From: "David Wright"
Subject: My Account of the Challenge
Date: Tue, 14 Aug 2001 21:07:38 -0700

Eight is Enough
Being the Adventures of the Author in The Sierra Emblem Challenge : 10 peaks - 10 days
Aug 4-13, 2001

Bob Burd conceived of the idea ot hiking ten of the Sierra Emblem peaks in consecutive dayhikes. I enthusiastically joined up, along with 6 or 8 other people with like interests. As the date for this event approached, Bob mentioned that many of the original participants wouldn't be coming. As an organizer of events myself, I could tell what this meant, and in fact for 7 of the days, it was just Bob and myself. No matter!

As a timid climber, with a poor sense of balance and a well-developed fear of dying by falling off a mountain, I knew I wasn't going to be summitting on all these peaks, but thought that with some moral support I might be able to do Matterhorn, Lyell, Ritter, Abbott, Split, Whitney and Olancha. But really it's just a reason to be in the mountains.

Day 0: I get out of work, stop at home to pick up a few last minute items, and am headed out of town by 7 pm. I arrive at Bridgeport around 12:30, and after a little wandering around because I'd left behind the map showing where the road to Twin Lakes intersected with 395, I'm in the parking lot at the Twin Lakes resort. I throw my sleeping bad behind a big log, where I probably won't be noticed, and crawl in. It's 1:30, and I can try to sleep for a few hours before our 6 am start. I notice that the lake is only about 6 feet away, and hope that there are no mosquitoes.

Day 1: Matterhorn Peak, 11M RT with 5200' gain, 11 hours and 45 minutes

Bob shows up promptly at a few minutes to 6, we introduce ourselves, strap on our packs, and are off. Bob carries only a 2-bottle fanny pack; mine is somewhat larger. The trailhead is a little hard to locate, and Bob takes several shortcuts, to which I pay little attention, a detail I am later to regret. Bob is a very strong hiker, and I have trouble keeping up. He also doesn't bother treating his water, but graciously waits for me as I filter mine. The east side approach up Horse Creek is a pleasant mixture of meadow and rock--strewn slopes, and we make good time. Just before Horse Creek Pass Brent comes up behind us, and he's more of a match for Bob as the two pull away from me.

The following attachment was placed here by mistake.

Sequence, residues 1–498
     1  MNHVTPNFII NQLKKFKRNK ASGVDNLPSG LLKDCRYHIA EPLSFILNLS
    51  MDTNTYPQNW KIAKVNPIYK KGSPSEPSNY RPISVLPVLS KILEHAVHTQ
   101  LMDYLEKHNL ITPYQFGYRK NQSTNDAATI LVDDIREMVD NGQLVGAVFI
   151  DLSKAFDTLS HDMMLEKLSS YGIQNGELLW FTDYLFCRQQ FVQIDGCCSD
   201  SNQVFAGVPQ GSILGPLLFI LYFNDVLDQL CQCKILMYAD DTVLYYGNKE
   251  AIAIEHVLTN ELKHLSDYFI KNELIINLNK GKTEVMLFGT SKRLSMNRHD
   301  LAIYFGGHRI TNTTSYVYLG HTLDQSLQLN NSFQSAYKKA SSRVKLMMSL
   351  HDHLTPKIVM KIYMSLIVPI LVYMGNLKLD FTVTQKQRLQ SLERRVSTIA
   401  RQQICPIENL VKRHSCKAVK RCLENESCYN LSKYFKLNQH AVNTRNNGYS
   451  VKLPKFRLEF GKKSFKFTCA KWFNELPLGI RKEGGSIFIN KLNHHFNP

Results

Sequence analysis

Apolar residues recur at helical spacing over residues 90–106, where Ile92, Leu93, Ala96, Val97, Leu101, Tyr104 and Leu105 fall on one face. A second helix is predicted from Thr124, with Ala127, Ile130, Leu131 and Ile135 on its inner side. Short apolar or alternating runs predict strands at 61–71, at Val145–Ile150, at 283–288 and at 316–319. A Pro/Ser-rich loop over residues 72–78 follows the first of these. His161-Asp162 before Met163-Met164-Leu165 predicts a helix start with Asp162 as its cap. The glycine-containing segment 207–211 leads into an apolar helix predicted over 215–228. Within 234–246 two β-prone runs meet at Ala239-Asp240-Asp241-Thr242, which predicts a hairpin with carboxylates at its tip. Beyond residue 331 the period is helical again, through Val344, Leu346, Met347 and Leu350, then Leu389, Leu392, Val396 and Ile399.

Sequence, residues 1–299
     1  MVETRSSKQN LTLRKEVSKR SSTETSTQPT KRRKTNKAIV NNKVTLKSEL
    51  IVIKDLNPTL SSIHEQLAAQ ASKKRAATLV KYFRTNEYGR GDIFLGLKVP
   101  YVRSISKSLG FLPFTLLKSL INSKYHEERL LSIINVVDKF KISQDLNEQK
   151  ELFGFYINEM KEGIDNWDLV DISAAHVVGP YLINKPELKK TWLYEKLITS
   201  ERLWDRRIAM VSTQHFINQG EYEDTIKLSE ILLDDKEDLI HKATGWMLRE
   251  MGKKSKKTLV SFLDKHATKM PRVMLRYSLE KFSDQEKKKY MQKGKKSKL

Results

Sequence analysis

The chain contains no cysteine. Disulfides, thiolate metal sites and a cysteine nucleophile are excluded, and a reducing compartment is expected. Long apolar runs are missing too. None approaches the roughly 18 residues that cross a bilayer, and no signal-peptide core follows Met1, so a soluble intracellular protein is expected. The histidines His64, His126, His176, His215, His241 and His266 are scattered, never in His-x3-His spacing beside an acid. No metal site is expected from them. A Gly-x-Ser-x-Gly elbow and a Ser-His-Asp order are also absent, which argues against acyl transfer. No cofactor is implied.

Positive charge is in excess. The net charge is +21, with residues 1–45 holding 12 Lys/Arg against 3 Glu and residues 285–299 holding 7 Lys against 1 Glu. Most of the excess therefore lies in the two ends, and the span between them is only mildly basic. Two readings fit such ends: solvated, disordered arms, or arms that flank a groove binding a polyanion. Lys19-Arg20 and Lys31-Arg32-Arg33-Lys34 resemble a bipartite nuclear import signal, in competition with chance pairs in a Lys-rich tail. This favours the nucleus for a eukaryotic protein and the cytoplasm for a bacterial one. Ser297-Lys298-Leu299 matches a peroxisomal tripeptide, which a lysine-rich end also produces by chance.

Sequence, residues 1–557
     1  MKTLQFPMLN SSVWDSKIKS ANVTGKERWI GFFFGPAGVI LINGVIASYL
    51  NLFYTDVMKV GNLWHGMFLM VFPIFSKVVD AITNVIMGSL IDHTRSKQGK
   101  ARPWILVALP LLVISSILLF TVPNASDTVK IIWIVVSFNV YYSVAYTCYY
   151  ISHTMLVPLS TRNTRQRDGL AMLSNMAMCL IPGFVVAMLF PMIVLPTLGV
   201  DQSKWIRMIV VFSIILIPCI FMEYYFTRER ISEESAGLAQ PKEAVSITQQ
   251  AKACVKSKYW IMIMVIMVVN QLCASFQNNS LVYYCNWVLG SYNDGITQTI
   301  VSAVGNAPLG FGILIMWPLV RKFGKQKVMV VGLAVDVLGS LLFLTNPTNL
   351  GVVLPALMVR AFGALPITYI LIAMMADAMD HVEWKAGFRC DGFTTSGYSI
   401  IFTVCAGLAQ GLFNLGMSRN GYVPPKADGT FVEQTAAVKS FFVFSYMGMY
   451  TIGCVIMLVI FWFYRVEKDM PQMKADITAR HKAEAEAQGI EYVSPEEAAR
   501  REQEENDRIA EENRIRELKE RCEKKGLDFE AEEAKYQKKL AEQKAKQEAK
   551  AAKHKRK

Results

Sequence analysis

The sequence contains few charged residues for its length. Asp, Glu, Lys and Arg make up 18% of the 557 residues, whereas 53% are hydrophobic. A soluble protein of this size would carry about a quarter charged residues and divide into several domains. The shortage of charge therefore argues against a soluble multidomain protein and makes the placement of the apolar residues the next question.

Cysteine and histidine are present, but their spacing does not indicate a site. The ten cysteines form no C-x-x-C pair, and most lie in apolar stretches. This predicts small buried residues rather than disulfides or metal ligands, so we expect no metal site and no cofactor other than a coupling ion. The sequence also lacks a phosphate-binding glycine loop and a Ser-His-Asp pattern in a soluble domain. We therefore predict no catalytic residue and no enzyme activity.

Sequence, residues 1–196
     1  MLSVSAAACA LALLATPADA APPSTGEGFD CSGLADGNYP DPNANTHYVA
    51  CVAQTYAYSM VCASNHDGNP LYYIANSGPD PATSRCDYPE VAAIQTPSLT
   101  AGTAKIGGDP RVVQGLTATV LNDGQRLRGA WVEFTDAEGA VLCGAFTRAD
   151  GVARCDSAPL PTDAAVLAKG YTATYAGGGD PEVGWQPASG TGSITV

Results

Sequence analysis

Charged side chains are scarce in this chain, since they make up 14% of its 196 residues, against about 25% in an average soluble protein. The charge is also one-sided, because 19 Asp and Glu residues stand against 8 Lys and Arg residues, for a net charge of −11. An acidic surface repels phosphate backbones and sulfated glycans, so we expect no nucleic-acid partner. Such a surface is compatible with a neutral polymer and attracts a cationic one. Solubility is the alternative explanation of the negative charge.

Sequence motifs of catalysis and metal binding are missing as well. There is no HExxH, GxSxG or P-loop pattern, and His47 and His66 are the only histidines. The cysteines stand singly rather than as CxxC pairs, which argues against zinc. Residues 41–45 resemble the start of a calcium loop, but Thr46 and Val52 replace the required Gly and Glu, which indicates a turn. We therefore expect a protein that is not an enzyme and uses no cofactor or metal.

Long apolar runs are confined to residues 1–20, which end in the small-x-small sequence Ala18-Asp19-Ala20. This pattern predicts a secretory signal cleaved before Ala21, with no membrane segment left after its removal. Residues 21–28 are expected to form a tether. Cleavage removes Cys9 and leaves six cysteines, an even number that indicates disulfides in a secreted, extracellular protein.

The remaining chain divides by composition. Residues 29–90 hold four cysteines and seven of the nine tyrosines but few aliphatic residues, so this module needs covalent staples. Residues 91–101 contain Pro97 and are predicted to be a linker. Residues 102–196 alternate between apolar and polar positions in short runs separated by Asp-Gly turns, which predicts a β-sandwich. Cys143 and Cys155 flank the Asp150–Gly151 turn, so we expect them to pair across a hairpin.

The other side of the pass is an ugly scree slope up to the peak boulders; we each take a route that seems best. I finally arrive at the summit boulder jumble; the final 100' seems class 3 and I sit and contemplate it. After half an hour Bob comes down.

"What's wrong?"

"I think I've had enough."

"Too tired to go on?"

"No, I just don't like the looks of that last little bit."

Bob explained that just around the corner was a class 2 route, so I went over to look and 15 minutes later was at the summit.

On the return, Bob wants to take the east couloir; after looking at it, I prefer the approach route and we split up. Now, we just followed the drainage up, and all I have to do is to follow the drainage down. I had also looked back quite a bit to fix in my mind what the return looked like. But in spite of this, each canyon that I came to looked strange, and I was unable to find the trail. I bushwhacked down steep canyon after canyon, convinced that I had somehow gotten into the wrong drainage, although that seemed impossible.By 3 pm, I had become quite concerned. Nothing looked familar. I considered my position. I had food and a filter, and just had to continue down this drainage, eventually it had to cross highway 395, but I didn't look forward to that 30 mile hike. Finally I came across a trail, and, almost simultaneously, a hiking couple.

"What trailhead does this lead to?" I probably sounded a little crazed, like McCoy in the Star Trek episode "The City on the Edge of Forever", when he accosts the drunk in NYC, "What planet is this!!?"

"I don't know, but this is Horse Creek."

I was flabbergasted. "Then I'm not going to die. How far is it to Twin Lakes?"

"Down this canyon and around the corner to the right."

So I wasn't going to be walking all night after all. After walking for more than an hour I finally see Twin Lakes, and after 1/2 hour of wandering around in the campground trying to find the parking lot and my car, I'm back.

Day 2: Mt. Lyell 27M RT with 4400' gain. 16 hours and 30 minutes